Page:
Physics Students Give Solar Cycle 25 a Warm Welcome

SJU's Physics Lab Coordinator Mark Scafonas, Ph.D., is excited to guide new students in Introduction to Astrophysics studying the sun as it enters into a new 11-year solar cycle — a phenomenon which could have a serious impact on the Earth’s infrastructure.


by Emmalee Eckstein

When you sign up for an Introduction to Astrophysics class, you probably don’t expect your data collection to go on for 11 years. 

This year’s cohort of PHY417 Intro to Astrophysics students, however, are coming into the course at the very beginning of solar cycle 25. A solar cycle is a period of approximately 11 years where the sun's stormy behavior builds to a maximum threshold and its magnetic field reverses. 

SJU's Physics Lab Coordinator Mark Scafonas, Ph.D., is the instructor of PHY417 and he is eager to seize this moment in time for his astrophysics students. 

“This new solar cycle is really a perfect time for us to relaunch Intro to Astrophysics,” says Scafonas. “Right now, the sun looks kind of boring — there’s very little activity going on and you see a pretty uniform surface area. But sunspot activity will soon begin increasing.”

PHY417 students will be viewing the sun through a solar telescope and using a SuperSID Monitor to detect changes in the Earth's ionosphere caused by solar storms. In the coming months, an increase in sunspot activity will mean Scafonas’s students will see dark spots, coronal mass ejections, solar flares and more through the solar telescope. 

“It’s going to be pretty cool,” notes Scafonas. “It’s going to influence space weather and, ultimately, impact Earth.”

After moving through the foundational aspects of the curriculum, this class will be the first to build an antenna for the SuperSID to detect and monitor disturbances in the Earth’s ionosphere due to solar activity during cycle 25. 

Historically, waves like this have the potential for incredible impact on Earth’s infrastructure and have caused some of the most memorable blackouts of the power grid. 

“Two-hundred years ago, a solar cycle wouldn’t have had this kind of effect,” says Scafonas.  “We didn't have satellites, we didn't have large power grids. But once all these technologies started developing we began to see these solar events having a greater impact.”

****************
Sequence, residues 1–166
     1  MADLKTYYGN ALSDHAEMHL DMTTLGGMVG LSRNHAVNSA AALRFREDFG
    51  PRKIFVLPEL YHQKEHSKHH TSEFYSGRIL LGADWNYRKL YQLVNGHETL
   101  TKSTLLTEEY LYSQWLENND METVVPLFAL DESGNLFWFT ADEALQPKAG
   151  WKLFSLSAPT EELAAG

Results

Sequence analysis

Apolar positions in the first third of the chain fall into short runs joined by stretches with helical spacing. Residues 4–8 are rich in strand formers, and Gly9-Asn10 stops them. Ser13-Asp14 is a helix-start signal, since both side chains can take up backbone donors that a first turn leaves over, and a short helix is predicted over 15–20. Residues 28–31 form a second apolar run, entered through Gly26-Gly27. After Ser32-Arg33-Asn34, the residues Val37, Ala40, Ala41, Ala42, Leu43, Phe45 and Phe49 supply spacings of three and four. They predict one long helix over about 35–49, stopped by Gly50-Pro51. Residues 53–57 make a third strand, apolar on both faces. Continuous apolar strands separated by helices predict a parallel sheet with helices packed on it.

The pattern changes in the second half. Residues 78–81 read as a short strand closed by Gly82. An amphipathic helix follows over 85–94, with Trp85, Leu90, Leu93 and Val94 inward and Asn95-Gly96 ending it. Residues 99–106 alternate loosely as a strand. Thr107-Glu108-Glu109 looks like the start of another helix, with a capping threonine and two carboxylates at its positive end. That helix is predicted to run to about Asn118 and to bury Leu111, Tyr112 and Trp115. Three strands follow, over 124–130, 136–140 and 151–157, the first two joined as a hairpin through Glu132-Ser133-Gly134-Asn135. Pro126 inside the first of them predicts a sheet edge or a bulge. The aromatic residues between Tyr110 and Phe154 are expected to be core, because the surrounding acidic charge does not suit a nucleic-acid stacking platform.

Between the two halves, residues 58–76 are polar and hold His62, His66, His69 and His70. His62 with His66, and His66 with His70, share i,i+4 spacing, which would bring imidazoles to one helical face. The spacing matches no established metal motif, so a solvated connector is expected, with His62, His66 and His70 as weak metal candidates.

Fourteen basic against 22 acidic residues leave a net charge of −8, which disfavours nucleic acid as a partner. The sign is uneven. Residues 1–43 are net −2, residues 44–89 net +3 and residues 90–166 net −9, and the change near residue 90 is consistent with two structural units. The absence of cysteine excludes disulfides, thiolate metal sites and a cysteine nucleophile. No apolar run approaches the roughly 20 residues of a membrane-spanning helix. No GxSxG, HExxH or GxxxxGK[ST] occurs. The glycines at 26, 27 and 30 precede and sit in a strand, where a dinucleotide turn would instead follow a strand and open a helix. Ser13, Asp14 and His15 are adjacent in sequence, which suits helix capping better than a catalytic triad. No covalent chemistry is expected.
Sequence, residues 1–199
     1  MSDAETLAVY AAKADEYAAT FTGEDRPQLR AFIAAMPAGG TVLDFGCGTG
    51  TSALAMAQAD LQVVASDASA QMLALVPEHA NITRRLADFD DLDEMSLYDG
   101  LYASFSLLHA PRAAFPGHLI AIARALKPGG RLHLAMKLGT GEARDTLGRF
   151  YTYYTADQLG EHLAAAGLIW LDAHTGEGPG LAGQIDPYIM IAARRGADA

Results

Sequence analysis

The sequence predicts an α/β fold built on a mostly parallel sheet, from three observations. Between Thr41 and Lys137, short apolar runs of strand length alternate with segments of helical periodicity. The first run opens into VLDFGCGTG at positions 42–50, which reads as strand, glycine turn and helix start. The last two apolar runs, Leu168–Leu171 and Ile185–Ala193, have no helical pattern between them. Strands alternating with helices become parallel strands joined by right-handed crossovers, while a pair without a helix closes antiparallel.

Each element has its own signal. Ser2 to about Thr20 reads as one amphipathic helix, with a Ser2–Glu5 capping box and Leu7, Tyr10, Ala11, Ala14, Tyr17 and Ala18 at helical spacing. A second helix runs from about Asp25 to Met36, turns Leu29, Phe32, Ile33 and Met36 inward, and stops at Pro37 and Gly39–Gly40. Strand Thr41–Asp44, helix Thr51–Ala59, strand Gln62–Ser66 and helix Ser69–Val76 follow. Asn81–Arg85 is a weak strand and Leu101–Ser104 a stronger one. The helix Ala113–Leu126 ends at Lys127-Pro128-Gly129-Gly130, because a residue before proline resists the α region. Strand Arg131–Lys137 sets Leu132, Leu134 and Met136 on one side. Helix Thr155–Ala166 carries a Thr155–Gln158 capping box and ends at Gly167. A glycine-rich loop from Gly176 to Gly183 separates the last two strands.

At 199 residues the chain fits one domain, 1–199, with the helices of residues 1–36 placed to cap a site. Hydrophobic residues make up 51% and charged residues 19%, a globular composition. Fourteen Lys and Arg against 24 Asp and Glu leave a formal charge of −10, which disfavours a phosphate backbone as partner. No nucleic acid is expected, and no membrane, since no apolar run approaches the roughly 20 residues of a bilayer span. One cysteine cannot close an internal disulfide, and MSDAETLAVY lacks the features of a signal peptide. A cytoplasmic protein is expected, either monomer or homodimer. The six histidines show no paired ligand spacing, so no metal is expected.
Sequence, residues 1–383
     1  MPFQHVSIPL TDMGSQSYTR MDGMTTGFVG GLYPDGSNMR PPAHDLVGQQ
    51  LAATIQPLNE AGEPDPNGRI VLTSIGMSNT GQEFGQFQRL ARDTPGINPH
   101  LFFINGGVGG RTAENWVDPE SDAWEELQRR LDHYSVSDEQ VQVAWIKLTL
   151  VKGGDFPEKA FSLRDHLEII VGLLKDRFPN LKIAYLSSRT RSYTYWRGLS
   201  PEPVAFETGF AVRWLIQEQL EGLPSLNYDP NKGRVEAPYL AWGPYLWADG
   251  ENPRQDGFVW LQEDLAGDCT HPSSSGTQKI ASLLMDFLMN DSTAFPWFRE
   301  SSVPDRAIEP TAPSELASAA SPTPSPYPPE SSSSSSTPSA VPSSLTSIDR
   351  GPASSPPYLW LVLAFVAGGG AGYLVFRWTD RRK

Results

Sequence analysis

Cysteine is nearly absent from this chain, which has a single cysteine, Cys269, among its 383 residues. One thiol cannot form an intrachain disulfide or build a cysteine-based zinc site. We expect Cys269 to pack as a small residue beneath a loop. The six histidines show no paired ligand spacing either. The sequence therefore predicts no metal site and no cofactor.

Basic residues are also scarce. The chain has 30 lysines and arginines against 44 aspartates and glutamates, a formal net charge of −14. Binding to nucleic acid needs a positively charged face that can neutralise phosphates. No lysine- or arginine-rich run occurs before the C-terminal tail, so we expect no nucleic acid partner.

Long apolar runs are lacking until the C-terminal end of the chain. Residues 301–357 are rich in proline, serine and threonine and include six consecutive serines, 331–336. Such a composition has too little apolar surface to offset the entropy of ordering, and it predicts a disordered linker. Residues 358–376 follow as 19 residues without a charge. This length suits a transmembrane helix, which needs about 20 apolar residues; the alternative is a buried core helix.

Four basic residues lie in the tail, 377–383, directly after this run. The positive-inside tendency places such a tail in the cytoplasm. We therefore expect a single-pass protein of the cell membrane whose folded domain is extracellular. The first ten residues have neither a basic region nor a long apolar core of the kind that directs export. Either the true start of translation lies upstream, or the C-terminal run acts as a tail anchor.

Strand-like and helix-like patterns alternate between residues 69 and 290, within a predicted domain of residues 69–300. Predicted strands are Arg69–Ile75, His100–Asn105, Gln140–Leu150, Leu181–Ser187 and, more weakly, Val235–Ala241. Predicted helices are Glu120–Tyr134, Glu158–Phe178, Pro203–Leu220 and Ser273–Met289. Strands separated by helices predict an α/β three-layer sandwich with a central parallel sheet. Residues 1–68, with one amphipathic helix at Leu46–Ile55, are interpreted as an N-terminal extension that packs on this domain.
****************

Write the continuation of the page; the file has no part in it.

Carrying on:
“What’s interesting about a course like this is that it can serve as a means of outreach to those looking to get involved with science,” remarks Alexander Manduca ’22, current PHY417 student and president of SJU’s Society of Physics. Astrophysics is such an elegant and robust field of study — courses like this can make it truly digestible for those who have no background in science whatsoever.”

Astrophysics is such an elegant and robust field of study — courses like this can make it truly digestible for those who have no background in science whatsoever.

Alexander Manduca '22, president of SJU's Society of Physics

Luckily for SJU’s PHY417 students, the last solar cycle was largely uneventful, which means astrophysicists are expecting high activity from solar cycle 25. 

“It’ll be another five years or so before we reach the peak of this solar cycle,” explains Scafonas. “So all our subsequent PHY417 classes will use this antenna to continue the data collection throughout the 11-year cycle.”

Most notably, this data will be accessible online to the public through the Stanford Solar Center, which means other higher ed institutions, high school students and our very own Hawks will be able to access it for their research.

“This is the first time I’ll be using data that I’ve personally collected to inform my other courses,” says Scafonas, who plans to present the data for use in his astronomy and climate science courses. “It’s a great way to make all that we’re studying in astronomy and climate science a little more real. It’s data we’ve gathered ourselves so we’re able to look into nuances, eliminate variables. It’s much more transparent.”

For the remainder of the semester, Scafonas and his students can be found by the Science Center using the solar telescope to gaze at the sun.

“We’ll be happy to give anyone a peek if they stop by,” says Scafonas, “so don’t be shy!”